- The Washington Times - Thursday, October 12, 2006

When writer-director Douglas McGrath decided to make a movie about the years author Truman Capote spent researching and writing “In Cold Blood,” he believed he had a great story to tell. Unfortunately for him, screenwriter Dan Futterman was having the exact same thought.

It was 2003 when Mr. McGrath learned of Mr. Futterman’s project, and a year later, Mr. Futterman’s “Capote” was well under way while Mr. McGrath’s film was just beginning. At his studio’s urging, Mr. McGrath held the release of his Capote biopic, then watched as its counterpart dazzled critics and snapped up several film awards in 2005, including Philip Seymour Hoffman’s Oscar win for best actor.

So “Infamous” has some big shoes and theaters to fill.

Luckily for audiences, though, each film paints a very different picture from the same story line: New York City author-socialite and raconteur Truman Capote goes to Kansas to write about the gruesome murders of a farmer and his family — bringing with him friend and fellow writer Harper Lee — and ends up inextricably linked to the killers through his research

But where “Capote” was subtle and stark, “Infamous” is garish and theatrical. Where Mr. Futterman saw gravity, Mr. McGrath sees comedy — or, at the very least, a comedic drama.

“Infamous” was inspired by George Plimpton’s biography, “Truman Capote: In Which Various Friends, Enemies, Acquaintances and Detractors Recall His Turbulent Career,” and makes use of its confessional, tell-all format.

Throughout the film, a multitude of characters weigh in on the author. Gore Vidal, for example, describes Mr. Capote’s unique little voice as “what a brussels sprout would sound like if a brussels sprout could talk.” In this colorful portrait, Mr. Capote (played by British actor Toby Jones) isn’t just eccentric and slightly effeminate, he’s nearly as flamboyant as the prancing Jack McFarland from “Will & Grace.” The Southern-born writer has a penchant for outlandish clothing and gossiping with the girls. In one scene, he even gushes about how football huddles send shivers up his spine.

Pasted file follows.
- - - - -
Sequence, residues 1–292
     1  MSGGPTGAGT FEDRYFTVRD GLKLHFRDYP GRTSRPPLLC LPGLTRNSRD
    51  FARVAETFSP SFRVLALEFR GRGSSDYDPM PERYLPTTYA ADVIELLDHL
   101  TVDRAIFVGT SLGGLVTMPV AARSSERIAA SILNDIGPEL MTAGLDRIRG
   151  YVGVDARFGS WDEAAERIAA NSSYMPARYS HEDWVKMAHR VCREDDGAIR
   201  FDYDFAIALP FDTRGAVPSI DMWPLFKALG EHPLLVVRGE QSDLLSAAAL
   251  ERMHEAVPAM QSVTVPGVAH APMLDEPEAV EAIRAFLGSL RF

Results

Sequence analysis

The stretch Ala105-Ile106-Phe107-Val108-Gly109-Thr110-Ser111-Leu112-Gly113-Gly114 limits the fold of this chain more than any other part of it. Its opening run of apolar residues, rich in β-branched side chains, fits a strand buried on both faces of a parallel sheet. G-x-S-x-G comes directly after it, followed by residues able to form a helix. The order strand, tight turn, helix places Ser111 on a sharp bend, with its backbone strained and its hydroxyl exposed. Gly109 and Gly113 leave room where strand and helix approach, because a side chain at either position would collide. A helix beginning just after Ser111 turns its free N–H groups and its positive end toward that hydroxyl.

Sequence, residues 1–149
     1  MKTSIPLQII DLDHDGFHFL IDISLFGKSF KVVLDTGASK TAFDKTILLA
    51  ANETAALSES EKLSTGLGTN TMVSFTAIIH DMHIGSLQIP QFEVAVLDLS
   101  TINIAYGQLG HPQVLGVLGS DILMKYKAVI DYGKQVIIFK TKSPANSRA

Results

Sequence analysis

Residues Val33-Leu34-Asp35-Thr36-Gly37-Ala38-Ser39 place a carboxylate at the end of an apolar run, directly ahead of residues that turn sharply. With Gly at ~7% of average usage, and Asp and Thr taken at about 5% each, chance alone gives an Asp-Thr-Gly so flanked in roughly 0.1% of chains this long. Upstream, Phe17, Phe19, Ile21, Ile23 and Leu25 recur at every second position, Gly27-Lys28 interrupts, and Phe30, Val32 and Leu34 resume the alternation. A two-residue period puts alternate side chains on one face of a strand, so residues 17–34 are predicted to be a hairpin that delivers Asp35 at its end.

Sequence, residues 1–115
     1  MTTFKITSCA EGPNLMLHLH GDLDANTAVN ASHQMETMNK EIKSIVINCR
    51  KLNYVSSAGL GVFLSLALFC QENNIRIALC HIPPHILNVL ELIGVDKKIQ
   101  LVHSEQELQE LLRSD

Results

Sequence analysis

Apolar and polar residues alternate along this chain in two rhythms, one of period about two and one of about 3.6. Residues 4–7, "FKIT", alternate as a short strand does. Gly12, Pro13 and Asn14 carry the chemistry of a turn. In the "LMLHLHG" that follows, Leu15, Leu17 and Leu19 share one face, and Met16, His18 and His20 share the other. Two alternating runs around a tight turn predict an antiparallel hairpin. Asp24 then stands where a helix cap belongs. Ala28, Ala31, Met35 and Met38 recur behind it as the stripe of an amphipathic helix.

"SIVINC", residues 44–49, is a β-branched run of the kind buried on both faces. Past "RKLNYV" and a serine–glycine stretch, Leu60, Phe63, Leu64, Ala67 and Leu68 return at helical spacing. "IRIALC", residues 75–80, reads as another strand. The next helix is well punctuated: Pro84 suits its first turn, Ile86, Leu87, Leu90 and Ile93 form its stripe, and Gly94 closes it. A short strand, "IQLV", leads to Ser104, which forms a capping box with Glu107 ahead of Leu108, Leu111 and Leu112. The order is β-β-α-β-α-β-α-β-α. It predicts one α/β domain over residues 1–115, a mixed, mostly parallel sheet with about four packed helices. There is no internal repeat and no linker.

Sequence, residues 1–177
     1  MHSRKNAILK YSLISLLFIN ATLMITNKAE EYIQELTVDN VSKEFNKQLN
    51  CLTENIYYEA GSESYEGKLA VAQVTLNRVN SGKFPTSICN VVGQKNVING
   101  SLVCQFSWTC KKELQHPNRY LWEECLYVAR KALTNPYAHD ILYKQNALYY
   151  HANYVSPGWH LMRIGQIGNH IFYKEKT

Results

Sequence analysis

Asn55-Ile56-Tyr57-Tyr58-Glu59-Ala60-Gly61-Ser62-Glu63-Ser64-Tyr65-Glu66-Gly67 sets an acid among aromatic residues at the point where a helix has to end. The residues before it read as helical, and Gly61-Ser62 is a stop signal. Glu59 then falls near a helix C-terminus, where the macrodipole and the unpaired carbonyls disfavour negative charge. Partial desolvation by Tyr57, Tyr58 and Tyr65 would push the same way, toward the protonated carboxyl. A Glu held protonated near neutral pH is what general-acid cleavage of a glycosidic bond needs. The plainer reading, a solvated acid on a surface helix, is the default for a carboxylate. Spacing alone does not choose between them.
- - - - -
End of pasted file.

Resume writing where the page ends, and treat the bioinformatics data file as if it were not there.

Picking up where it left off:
No wonder he keeps getting mistaken for a woman.

The foil to his over-the-top behavior comes by way of his reserved research companion and childhood friend, Harper Lee (Sandra Bullock). The actress may be a bit difficult to warm up to (blame it on “Miss Congeniality”), but once her sweet, soft-spoken Southern drawl gets under your skin, she’s a joy.

The film’s weight comes from Mr. Capote’s relationship with the murderers he’s profiling, Perry Smith (Daniel Craig) and Dick Hickock (Lee Pace), and his conflicting desires to serve both his readers and the two men. However, because “Infamous” delves so deeply into Mr. Capote’s lavish New York City lifestyle — and the resulting fish-out-of-water phenomenon when he hits Kansas— these intimate moments feel rushed, even a bit tabloidal.

What surfaced in real life and in the previous Capote movie as an ostensibly latent sexual tension between the writer and Smith steams right to the surface in several “Infamous” scenes, including one where Mr. Capote blows onto Smith’s face to relax him and another where the two make out. (A dream, we suppose?)

In the end, “Infamous” is a very good film that’s well acted, particularly by Miss Bullock and Mr. Jones. But it’s too bad that “Capote” came out first. Like “In Cold Blood,” the Mr. Capote’s true-crime masterpiece and last great work, greatness is difficult to top, particularly in the public’s eye. Sometimes, it’s even crippling.


TITLE: “Infamous”

CREDITS: Written and directed by Douglas McGrath. Based on the book by George Plimpton.

RUNNING TIME: 118 minutes

WEB SITE: https://wip.warnerbros.com/infamous/


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